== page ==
Making Change

The Team Behind My Policeman Hopes the Film Will Educate and Inspire Young Viewers

Throughout its production, gay historical drama My Policeman has largely been in the headlines for its casting of Harry Styles. But the cast and director recently sat down with GLAAD to discuss how their film fits into queer representation and recent right-wing efforts to attack LGBTQ+ rights.

Based on the novel of the same name by Bethan Roberts, My Policeman follows the story of policeman Tom Burgess (Styles) and his wife Marion Taylor (Emma Corrin). Their marriage is put to the test when the couple befriends a museum curator, Patrick Hazelwood (David Dawson), who subsequently embarks on a clandestine affair with Tom.

The film takes place in 1950s Britain, when so-called “gross indecency” laws still held authority to put Tom and Patrick in jail. Even as laws criminalizing homosexuality have since been repealed, Corrin hopes that the film resonates with the audiences today, facing renewed threats of anti-LGBTQ+ legislation. “I hope that it inspires conversations about how recent that was and also how fragile our world is now that we live in,” they told GLAAD.

“A lot of the stuff that’s going down now in the United States — all that shit with queer literature and the ‘Don’t Say Gay’ bills, the gay ban — these are very real things that people are living through and that’s not to mention there are places in the world where people still cannot live authentically so I hope that it inspires those conversations.”

When asked about the importance of representation, Dawson said, “If I was a young lad, watching It’s a Sin, Heartstopper, Pose, My Policeman — it would have had a great impact on me as a young person.”

Corrin added, “I think that it’s nice that we now have films like this. It’s such a gift for people to be able to turn on Netflix and be confronted with people that they recognize themselves in and who they can learn from and see their experiences reflected at them which is so powerful.”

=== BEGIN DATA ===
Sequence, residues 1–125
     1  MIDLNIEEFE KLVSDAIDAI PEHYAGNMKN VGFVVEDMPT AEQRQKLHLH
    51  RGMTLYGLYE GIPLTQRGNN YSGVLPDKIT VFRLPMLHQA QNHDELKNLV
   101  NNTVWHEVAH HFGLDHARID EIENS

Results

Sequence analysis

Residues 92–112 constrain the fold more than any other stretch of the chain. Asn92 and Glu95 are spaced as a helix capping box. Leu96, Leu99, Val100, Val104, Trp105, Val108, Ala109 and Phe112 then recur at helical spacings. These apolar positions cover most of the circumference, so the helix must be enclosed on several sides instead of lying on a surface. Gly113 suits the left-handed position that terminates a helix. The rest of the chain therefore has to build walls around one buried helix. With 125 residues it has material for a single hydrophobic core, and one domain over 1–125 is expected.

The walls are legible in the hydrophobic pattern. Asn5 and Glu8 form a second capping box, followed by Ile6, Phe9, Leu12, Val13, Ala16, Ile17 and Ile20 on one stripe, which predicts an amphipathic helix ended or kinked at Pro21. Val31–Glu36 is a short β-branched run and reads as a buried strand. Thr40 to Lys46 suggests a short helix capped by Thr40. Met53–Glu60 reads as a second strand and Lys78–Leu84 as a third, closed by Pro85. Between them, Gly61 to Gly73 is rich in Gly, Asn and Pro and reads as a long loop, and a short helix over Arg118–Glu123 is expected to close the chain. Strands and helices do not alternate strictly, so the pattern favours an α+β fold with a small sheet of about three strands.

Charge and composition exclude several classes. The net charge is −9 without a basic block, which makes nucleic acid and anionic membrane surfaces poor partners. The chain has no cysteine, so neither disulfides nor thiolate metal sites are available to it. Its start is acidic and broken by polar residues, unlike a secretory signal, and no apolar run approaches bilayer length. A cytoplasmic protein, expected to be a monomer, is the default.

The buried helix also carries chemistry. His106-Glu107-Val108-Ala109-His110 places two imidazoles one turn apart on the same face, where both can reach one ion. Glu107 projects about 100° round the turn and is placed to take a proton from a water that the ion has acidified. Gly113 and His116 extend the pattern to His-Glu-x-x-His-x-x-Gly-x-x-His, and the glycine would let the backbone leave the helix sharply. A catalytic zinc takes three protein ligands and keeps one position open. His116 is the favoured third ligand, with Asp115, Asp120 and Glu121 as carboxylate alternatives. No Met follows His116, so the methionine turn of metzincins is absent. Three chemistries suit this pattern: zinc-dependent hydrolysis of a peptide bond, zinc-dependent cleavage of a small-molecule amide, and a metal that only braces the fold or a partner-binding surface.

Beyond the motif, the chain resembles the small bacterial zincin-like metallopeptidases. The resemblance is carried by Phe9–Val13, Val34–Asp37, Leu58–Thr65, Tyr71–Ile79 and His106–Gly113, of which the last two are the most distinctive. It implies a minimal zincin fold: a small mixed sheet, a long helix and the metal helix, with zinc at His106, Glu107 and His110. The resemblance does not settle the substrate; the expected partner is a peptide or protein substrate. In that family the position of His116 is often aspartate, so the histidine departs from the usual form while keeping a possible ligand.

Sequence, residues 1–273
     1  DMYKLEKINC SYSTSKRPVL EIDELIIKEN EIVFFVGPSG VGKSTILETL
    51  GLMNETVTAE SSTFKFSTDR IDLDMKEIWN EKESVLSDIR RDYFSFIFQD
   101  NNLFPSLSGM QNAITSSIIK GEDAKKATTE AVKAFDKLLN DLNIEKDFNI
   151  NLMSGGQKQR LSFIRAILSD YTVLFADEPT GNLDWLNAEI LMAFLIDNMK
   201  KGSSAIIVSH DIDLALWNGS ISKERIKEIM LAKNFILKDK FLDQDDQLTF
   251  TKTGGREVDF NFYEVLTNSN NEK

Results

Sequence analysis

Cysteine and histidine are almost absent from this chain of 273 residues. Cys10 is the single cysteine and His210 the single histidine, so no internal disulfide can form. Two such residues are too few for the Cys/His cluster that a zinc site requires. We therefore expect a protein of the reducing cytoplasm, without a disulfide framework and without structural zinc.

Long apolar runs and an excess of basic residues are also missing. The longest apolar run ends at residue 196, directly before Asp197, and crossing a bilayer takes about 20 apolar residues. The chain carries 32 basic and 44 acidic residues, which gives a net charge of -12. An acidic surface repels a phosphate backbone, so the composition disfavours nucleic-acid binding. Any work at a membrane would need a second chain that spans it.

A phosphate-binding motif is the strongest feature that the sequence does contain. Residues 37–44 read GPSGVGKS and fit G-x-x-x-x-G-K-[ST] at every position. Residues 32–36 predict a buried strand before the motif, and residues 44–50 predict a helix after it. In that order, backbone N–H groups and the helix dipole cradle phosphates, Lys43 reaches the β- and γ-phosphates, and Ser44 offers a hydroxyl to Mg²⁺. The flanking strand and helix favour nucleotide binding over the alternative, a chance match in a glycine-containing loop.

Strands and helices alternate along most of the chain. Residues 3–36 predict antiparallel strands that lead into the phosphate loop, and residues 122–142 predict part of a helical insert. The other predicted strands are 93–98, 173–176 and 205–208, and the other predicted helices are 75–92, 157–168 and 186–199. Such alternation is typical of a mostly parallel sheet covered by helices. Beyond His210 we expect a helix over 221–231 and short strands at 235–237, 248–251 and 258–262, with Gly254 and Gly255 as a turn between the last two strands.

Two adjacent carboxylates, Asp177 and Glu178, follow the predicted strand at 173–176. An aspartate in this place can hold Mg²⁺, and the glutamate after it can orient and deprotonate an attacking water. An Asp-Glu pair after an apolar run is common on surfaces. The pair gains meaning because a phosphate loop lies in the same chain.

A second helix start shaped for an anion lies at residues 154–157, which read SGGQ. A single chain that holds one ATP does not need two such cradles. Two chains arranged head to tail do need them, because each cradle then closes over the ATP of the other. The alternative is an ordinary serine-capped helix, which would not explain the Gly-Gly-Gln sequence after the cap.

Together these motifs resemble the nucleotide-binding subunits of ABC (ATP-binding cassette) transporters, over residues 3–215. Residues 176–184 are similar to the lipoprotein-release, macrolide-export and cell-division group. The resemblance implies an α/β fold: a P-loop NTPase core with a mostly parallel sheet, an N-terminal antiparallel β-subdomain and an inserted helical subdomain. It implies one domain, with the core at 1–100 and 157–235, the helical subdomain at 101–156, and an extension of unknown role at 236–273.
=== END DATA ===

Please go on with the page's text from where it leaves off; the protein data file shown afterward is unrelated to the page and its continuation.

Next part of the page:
GLAAD also spoke to the film’s director, Michael Grandage, who shared his own experience of living through the same time period. “I am proud to be a part of a community that has made incredible advancements in the 40 years, but I do feel like it’s quite fragile at the moment,” he said. “If I’m being honest, [with] the Roe vs. Wade verdict  in America, we know that that’s led to some justices saying let’s now turn to gay marriage. We know that gay marriage is on the agenda here in the UK in some quarters. I just feel it’s vulnerable again and that’s a very personal journey for me in that respect.”

All the same, he expressed hope in the younger generation. He said, “For me, the young are the least prejudiced generation ever born at this point and I want them to see what it was like living in a time where you couldn’t be who you were… you went to jail for being yourself, and I want them to become ambassadors for never going back there and keeping moving forward.”

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